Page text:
This study investigated the applications of a myrtle extract obtained by supercritical fluid extraction (SFE), a technique considered environmentally friendly, as a possible antimicrobial ingredient in cosmetic and pharmaceutical formulations. The supercritical fluid extract was obtained at 230 bar and 45 °C, for 2 h, with a flow of CO2 of 0.3 kg h−1. A cosolvent (ethanol) was also used, with a flow 0.09 kg h−1. The extracts thus obtained were tested against seven Gram-positive bacteria and one yeast using the well diffusion and the broth dilution techniques. The results showed that the myrtle extract exhibits good antibacterial activity against all the bacteria strains studied and is superior to most of those obtained by conventional extraction methods. Antifungal activity was also present but at a lesser extent. Cell viability studies were carried out by exposing HaCat cells to a range of extract concentrations, from 0.1 μg/mL up to 60 μg/mL for 24 h, using the MTT assay. The Salmonella mutagenicity assay was applied to evaluate the mutagenicity and antimutagenicity of the extract. The results obtained suggest that the myrtle extract obtained using a green solvent, supercritical CO2, is safe and could reduce the genotoxic damage induced by reactive oxygen species (ROSs).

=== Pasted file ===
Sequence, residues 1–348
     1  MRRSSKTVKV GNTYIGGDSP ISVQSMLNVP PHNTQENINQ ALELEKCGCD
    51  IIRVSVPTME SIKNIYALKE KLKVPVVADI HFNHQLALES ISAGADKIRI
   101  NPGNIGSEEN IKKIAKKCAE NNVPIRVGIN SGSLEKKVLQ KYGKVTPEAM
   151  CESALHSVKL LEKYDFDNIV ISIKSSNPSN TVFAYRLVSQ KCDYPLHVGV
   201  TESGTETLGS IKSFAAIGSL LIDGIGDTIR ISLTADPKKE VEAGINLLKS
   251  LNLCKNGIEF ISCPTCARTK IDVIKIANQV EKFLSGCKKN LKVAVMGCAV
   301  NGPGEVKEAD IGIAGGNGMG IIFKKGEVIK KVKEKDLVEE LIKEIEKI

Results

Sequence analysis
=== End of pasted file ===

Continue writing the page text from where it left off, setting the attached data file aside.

- Antimicrobial activity
- Myrtus communis L.
- Supercritical Fluid Extraction (SFE)
- Topical applications